By Cassie Gerhardstein
Senior Features Writer
While course fees, which are additional costs for certain classes, are used as a way to meet the needs of specific courses without raising the cost of tuition for the entire student body, students wonder how the fees are determined and what exactly their money is going towards.
This year, the sum of all course fees listed in the academic bulletin totals just over $9,700. This does not include all art classes, which have a $22 fee per credit hour, or any type of music lessons, which add an additional $331 fee.
The professor teaching the class determines each course fee separately, then sends his or her request to the department chair. From there the proposal is sent to the business office and the president’s cabinet for final approval. The fees range from $3 all the way up to $801, and depending on the class, can be used for anything from a flash drive to a musical accompanist.
Although the costs may be necessary, senior education major Ryan Grant says the extra money can make it hard for students to know how much to budget each semester. “In education, we have a $20 course fee for almost every class, yet we have never been told or shown what the fees are used for,” Grant said.
Asbury Provost Dr. Jon Kulaga said that the university hopes to give students enough time to plan ahead by publishing each course fee in the bulletin, which is printed every summer for the upcoming year. Hard copies of the bulletin are available in the registrar’s office as well as electronic copies online.
Vice President of Business Affairs Charlie Fiskeaux said that he works very hard with the registrar’s office to insist that course fees be identified during online preregistration. “I don’t ever let somebody come along and add a course fee after students have registered,“ Fiskeaux said.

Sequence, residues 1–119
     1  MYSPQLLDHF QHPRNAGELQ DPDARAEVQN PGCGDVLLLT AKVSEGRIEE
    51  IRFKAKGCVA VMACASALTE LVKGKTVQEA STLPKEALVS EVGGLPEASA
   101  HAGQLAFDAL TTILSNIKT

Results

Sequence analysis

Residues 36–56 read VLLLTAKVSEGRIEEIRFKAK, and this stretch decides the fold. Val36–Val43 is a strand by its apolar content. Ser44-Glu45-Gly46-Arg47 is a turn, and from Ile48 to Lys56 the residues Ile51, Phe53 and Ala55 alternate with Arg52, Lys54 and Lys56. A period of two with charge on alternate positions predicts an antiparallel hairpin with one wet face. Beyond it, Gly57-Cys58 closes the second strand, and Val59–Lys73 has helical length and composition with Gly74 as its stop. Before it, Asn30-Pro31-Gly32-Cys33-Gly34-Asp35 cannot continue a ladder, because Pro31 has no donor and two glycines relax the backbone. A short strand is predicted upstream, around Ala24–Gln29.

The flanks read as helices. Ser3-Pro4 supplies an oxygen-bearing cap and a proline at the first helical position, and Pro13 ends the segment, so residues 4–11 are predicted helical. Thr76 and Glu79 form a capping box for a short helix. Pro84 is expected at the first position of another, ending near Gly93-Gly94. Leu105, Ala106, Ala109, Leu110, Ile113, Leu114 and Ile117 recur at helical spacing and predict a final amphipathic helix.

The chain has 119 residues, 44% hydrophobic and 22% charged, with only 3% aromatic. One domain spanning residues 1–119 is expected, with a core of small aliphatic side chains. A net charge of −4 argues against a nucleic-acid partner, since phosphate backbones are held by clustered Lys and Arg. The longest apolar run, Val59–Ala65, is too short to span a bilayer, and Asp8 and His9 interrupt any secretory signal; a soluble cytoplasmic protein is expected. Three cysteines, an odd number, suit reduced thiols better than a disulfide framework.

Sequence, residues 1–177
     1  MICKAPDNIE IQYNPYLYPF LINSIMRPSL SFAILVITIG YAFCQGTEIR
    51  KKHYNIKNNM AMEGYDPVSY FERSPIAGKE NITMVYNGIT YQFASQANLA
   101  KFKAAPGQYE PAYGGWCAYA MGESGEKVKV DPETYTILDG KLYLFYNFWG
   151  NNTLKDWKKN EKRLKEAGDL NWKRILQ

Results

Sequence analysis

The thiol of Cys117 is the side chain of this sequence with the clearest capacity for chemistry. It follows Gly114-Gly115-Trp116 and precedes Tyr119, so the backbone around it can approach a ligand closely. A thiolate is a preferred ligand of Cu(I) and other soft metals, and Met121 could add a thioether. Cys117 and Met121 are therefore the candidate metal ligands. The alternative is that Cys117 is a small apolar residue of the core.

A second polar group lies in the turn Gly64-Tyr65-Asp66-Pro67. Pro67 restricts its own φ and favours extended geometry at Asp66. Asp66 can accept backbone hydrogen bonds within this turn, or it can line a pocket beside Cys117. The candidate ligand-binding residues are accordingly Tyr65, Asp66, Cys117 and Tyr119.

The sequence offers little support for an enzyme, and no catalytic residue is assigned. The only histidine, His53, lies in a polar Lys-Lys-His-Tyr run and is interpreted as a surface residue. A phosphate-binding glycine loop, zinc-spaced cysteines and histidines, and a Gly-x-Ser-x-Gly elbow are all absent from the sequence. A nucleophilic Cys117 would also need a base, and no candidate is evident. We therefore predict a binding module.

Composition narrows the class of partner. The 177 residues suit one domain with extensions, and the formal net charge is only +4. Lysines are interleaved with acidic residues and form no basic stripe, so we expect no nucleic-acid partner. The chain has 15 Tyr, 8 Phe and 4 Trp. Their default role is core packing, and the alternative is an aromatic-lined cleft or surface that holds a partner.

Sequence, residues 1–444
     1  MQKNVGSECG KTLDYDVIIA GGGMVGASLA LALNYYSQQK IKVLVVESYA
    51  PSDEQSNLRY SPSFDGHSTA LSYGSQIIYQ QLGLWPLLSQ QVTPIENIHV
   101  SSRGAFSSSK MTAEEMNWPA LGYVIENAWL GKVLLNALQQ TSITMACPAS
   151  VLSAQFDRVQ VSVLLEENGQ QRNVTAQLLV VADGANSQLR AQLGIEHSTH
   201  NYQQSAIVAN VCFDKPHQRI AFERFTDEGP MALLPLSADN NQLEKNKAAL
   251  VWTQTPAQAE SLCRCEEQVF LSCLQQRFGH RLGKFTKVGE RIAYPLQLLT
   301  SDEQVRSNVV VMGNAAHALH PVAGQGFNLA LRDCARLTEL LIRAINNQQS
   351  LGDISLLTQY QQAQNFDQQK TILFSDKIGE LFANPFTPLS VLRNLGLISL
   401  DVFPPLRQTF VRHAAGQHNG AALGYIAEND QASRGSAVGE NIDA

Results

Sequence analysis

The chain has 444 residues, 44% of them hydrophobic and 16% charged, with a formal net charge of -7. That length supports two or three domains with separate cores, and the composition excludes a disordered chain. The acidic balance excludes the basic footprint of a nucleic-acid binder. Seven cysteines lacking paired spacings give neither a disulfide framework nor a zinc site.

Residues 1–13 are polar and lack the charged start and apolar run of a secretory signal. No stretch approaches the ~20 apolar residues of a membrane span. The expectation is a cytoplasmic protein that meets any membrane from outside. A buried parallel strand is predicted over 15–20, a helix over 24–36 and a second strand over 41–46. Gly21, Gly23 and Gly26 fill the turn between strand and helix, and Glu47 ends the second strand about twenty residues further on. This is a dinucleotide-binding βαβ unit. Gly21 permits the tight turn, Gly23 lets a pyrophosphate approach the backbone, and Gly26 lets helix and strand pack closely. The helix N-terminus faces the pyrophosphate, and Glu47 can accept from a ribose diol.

However, while class descriptions online do identify a course fee, it merely states that there is a fee, not the actual amount.
”I kind of consider it the student’s responsibility to look it up because it is disclosed in the bulletin on the website. If you want to know what it is then you can explore that,” Fiskeaux said.
Specific fees are listed on page 211 of the 2013-2014 academic bulleting, which is available as a PDF download on Asbury’s website.
The reason the exact fees are not listed on the couurse reigstration site is due to the ease of editing. It’s easier to have all of the fees listed in one place as opposed to distributing them throughout the online catalogue.
“Yes, it would be easier from the students’ point of view, but it would be a headache to maintain,” Fiskeaux said.
As far as what the funds are used for, requests submitted by professors for course fees are general overviews and not detailed lists. Fee proposals state the nature of what’s needed — such as technology, equipment or art supplies — not specific materials.
So while it would be possible to add a general paragraph in the bulletin about where the money goes, the only way to know exactly is to request the information from professors.
One benefit of the fees being added directly onto students’ accounts is that they have the ability to use their financial aid to cover the cost as opposed to paying out of pocket. For example, if a student has more financial aid or available scholarship money than the balance on their account, the additional funds can be used to cover his or her course fees. This is especially helpful when it comes to larger fees such as those used for traveling and music lessons.
Kulaga does recognize that “more and more courses are looking into course fees as a way of supplementing some of the needs of the class.”
While some students might suggest that it is more fair to have all fees included in the cost of tuition, other students believe it is not right to make everyone pay the fee for a class they may never take. In addition, it is challenging to ensure that each course gets the exact amount of money it needs when the funds are in one giant pot.
“Course fees are a simpler way of meeting the needs of specific courses,” Kulaga said.